On Saturday, we wrote that more and more people are starting to wonder if central banks like the Bank of England and The Fed can just “rip up” the debt that they’ve bought via Quantitative Easing, and reduce the national debt of these countries with the stroke of a key.Asking this question, and thinking about the implications of it, is the equivalent of taking the ‘Red Pill’ of economics. The Red Pill, of course, is what Neo took in the Matrix, and it exposed his mind to an entirely different view of the world that was far less comfortable than the one he inhabited. If you start thinking about the possibility that the central bank could just rip up a government’s debt, with few negative ramifications, then you might start thinking about government finances in a totally new way that makes you uncomfortable.
You might start to realise that this whole construct of a broke government, deeply in hock to the Chinese (and everyone else) is an illusion, that complete distorts the realities of sovereign finance.
But it’s too late. More and more people are taking the red pill, and thinking about this question.
Want proof? In her latest note, SocGen economist Michala Marcusen reveals the #1 question that clients are asking.
With each new round of QE coming with diminishing returns, a new question is emerging … Can central banks just cancel their government debt holdings?
For what it’s worth, Marcusen isn’t buying the idea that it can be done so easily:
A speech by FSA Chairman Turner on 11 October appears to have catalysed the recent debate when he noted that “…quantitative easing may be subject to declining marginal impact ‹…..›. So optimal policy needs to include a willingness to employ still more innovative and unconventional policies ‹…..›”. While Lord Turner (a potential candidate to succeed Mervyn King at the BoE when his term expires in June 2013) has publically distanced himself from the notion that central banks could just cancel their government debt holdings, the idea holds temptation for deflation hawks.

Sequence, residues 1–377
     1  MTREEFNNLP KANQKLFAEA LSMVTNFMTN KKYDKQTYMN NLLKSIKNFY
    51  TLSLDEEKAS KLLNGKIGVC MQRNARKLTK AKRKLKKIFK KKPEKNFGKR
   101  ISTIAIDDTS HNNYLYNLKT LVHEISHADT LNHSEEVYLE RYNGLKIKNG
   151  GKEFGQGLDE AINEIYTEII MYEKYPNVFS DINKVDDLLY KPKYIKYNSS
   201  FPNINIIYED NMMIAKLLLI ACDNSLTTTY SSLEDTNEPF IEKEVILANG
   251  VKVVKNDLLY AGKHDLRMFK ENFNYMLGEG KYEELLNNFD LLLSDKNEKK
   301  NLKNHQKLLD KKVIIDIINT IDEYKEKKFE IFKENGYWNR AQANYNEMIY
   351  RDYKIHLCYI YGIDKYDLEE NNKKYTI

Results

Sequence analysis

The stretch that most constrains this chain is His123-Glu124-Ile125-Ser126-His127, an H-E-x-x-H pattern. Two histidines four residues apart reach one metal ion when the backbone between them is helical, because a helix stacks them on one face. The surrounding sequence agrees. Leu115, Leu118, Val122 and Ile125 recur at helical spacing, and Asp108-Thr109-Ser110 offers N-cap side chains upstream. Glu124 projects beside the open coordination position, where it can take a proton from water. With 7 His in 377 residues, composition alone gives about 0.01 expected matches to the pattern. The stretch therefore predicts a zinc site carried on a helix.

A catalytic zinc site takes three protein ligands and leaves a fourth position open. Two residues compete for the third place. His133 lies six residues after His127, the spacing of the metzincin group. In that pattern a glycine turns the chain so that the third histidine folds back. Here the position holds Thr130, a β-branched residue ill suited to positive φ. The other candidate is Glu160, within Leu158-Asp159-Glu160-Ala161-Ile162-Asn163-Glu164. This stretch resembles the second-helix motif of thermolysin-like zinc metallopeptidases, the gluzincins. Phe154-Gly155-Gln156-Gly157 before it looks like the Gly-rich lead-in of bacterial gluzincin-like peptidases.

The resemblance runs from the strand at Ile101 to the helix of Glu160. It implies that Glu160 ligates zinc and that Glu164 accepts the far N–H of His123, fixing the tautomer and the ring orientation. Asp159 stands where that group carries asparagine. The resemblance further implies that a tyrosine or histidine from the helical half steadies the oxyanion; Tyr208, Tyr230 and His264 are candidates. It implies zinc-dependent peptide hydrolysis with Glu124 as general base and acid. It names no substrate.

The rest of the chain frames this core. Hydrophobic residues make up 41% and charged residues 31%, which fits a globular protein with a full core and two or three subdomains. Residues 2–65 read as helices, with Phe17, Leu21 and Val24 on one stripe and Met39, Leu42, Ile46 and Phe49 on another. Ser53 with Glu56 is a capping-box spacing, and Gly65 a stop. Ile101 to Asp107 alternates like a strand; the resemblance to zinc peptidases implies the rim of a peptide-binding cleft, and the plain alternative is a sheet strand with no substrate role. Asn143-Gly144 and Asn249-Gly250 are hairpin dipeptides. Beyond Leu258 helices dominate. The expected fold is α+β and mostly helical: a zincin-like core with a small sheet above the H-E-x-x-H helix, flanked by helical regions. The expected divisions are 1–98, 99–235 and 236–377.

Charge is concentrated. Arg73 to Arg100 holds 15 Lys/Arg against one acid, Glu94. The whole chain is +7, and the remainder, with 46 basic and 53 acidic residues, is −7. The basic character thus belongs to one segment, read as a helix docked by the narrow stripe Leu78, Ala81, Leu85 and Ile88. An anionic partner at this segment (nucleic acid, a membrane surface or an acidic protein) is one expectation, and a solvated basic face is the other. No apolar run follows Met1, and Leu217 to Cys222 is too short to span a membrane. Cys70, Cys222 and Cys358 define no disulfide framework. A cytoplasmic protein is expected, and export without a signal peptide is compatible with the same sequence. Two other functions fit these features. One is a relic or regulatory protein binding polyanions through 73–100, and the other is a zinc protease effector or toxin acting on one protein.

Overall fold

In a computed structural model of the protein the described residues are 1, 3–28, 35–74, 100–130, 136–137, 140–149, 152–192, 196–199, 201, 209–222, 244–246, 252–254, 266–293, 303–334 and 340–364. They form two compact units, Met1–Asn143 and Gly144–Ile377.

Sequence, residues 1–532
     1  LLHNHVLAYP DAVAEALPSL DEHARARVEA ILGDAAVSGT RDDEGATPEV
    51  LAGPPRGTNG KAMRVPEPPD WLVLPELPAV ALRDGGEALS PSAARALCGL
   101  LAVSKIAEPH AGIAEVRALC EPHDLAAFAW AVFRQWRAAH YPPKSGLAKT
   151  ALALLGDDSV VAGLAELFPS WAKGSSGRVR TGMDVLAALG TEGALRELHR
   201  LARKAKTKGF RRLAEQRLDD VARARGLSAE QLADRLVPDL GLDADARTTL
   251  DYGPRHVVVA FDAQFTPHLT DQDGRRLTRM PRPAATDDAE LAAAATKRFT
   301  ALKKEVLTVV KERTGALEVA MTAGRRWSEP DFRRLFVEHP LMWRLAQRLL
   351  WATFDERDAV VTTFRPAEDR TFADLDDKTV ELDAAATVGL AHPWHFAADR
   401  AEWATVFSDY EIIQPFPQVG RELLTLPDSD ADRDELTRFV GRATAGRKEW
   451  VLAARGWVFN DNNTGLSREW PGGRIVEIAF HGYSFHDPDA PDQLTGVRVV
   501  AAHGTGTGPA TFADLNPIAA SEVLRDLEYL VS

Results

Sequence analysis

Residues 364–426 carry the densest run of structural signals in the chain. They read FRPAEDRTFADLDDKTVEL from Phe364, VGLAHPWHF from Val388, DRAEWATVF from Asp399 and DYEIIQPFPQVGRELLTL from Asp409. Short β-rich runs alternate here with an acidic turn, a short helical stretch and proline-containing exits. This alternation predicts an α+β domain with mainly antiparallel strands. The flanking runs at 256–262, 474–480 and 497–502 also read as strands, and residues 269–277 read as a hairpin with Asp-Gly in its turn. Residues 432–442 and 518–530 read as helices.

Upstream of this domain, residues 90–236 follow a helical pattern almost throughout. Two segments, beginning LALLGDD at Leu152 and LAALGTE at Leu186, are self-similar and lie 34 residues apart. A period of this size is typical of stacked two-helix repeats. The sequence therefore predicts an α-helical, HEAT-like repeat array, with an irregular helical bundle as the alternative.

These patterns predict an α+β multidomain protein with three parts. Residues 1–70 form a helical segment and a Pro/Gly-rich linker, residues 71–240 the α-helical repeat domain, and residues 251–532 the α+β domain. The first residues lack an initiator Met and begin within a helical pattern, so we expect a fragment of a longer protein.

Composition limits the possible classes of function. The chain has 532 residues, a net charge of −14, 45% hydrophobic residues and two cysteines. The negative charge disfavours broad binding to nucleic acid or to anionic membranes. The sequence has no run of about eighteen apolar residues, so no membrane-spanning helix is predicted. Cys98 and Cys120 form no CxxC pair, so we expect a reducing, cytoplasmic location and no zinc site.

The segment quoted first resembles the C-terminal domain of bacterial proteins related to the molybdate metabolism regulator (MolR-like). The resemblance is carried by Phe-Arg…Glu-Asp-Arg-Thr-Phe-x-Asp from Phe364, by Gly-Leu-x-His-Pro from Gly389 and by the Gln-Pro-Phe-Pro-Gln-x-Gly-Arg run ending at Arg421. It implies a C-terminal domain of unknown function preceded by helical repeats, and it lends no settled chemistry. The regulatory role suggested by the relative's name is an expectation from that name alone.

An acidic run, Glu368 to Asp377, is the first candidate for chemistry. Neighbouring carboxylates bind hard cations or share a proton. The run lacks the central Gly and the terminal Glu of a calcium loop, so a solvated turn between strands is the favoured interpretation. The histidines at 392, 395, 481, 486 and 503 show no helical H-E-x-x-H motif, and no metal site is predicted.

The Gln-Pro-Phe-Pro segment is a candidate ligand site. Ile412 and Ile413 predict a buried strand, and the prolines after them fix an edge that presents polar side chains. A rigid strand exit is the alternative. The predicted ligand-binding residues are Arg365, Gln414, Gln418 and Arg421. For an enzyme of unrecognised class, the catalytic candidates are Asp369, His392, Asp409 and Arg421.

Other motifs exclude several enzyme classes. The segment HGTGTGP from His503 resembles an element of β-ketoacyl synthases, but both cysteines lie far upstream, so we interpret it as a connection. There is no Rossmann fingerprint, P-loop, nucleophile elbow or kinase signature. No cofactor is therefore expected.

The initial argument is seductive; the government and the central bank both belong to the public sector so simple consolidation would net out the debt without any loss to the private sector (the loss would fall on central bank capital). With the Fed holding around 10% of Treasuries and the BoE 25% of Gilts, such a move could have a significant impact on the debt burden and alleviate the need for austerity. Furthermore, it would boost inflation thus reducing the risks of deflation. Both the Fed and the BoE see inflation as easier to fight than deflation.
Already concerned by the medium-term inflation risks of QE, we believe that such a policy move could prove a recipe for disaster. Central banks have long argued that QE is not debt monetisation due to its temporary nature, i.e. at some point in time the bonds will be sold back to the private sector. If the central bank’s government bond holdings are simply cancelled, this would amount to pure and simple debt monetisation (formally prohibited in the case of the ECB), and would in our opinion risk soaring inflation expectations as trust in the monetary system breaks down. In his latest edition of Popular Delusions, Memo to Central Banks, Dylan Grice issues a very clear warning on the dangers of debasing trust.
We’re not sure if Marcusen’s stance is right, but the point is clear, just based on the fact that this is the top client question right now: more and more people are escaping the prison of their minds!